By: Miles Duckert

It is believed that Tarot cards originated in Italy in the late 14th or early 15th century. Tarot Decks consist of two sections – the Minor Arcana and the Major Arcana. The Minor Arcana is the basis for the modern deck of playing cards. The minor arcana differs in the face cards and the suit names. As opposed to jack, queen, king – the minor arcana has 4 face cards; page, knight, queen, and king. The Minor Arcana suits are Wands (clubs), Pentacles or Coins (diamonds), Cups (hearts), and Swords (spades).

When people think of Tarot cards, they typically think of the Major Arcana. The Major Arcana is a deck of 22 cards each with distinct imagery and meanings. These cards are numbered 0 through XXI (21). The Major Arcana is typically viewed a being more meaningful or powerful when the cards show up in a tarot reading because there are fewer of them and each card is unique and specific.

The first major mass-produced Tarot deck is known as the Rider-Waite or Rider deck. When people think of Tarot cards, this deck is the one they think of. Pamela Coleman Smith was the illustrator of the deck based on instructions from A.E. Waite. There is a movement within the Tarot community to officially change the name of the deck to the Waite-Smith deck to acknowledge the work put in by Pamela Coleman Smith which is ignored in the original name of the deck.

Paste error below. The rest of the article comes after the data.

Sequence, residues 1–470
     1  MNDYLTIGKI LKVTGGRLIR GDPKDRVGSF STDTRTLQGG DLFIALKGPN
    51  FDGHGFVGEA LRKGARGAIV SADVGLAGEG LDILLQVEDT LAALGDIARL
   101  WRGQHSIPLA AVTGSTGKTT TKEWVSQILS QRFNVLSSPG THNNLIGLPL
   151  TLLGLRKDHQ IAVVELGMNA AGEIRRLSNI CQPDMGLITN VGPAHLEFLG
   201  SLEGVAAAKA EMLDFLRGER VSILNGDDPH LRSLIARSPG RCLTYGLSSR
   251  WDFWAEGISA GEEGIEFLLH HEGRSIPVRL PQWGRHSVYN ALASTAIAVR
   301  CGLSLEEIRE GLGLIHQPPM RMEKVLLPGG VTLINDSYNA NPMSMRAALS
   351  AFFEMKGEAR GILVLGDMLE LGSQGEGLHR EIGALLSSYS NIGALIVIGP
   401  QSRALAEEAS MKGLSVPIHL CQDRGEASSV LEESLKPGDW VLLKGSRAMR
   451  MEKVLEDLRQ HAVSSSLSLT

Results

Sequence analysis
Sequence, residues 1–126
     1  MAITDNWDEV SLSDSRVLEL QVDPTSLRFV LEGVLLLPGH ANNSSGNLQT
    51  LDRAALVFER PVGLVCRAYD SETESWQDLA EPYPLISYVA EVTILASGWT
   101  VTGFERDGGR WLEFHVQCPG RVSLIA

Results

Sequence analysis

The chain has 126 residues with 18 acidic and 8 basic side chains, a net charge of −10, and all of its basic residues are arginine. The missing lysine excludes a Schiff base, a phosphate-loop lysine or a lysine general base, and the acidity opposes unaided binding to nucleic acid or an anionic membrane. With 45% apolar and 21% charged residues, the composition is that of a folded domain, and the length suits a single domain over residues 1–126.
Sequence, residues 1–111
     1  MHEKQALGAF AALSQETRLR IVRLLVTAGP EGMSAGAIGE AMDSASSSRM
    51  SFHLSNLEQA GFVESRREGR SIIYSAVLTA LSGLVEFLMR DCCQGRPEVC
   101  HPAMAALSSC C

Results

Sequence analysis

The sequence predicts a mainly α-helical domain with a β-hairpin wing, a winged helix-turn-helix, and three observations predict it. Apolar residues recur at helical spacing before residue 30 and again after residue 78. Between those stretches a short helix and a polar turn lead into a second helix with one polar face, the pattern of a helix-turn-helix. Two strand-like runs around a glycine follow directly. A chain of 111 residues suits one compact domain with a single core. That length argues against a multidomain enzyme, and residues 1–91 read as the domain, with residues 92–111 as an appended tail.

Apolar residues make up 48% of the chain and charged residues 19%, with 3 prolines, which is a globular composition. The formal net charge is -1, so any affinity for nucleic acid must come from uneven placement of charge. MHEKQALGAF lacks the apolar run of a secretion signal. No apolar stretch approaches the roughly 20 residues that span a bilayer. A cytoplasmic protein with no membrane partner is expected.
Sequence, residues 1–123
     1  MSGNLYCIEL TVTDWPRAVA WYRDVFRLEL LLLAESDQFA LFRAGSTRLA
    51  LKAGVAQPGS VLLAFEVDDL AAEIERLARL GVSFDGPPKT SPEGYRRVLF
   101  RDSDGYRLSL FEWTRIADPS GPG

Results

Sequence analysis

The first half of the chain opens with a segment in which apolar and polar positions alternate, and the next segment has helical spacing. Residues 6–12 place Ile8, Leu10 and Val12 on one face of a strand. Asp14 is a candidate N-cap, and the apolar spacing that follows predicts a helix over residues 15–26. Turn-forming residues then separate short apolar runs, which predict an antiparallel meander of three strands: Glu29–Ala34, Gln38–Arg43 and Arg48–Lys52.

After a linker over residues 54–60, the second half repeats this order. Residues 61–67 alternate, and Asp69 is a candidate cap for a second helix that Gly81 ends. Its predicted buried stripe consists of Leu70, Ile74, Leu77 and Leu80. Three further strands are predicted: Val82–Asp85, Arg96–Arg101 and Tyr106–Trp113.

Now, if you’re someone who is looking to get into reading Tarot spreads, there are a few things to be aware of. For one, you may see plastered on the internet that you cannot buy your own deck of Tarot cards. There is a belief that Tarot cards hold more power when they are gifted by someone else, however, as Tarot reading becomes more popular and modernized, there’s consensus that you can buy your own cards without affecting the power or effectiveness of the cards reading.

The best way to get started with reading Tarot cards is with “One-A-Day” readings. Simply, you shuffle your deck of cards while asking what to expect from your day and pull a card that feels right, this card will give you an idea of what your day will look like. There are many different ways to interpret the cards, often the meanings aren’t literal, and you will have to look inward to determine what the pull means for you at that moment. Similarly, if a card is pulled reversed (upside down) it has a different meaning from an upright pull – however, I always recommend that beginners don’t work with reversed cards as it adds another layer of complexity to the learning process. I think it is best to begin learning with upright cards, and once you begin to feel comfortable with reading the upright cards, you can add in the reversed card readings.

Finally, some Tarot decks will come with instruction books that will include the meanings of the cards and different spreads that you can read, but many decks don’t include a book like this. Because of this, I recommend the website Biddy Tarot which includes the meanings (upright and reversed) of the cards as well as other free resources to help beginners learn how to read Tarot.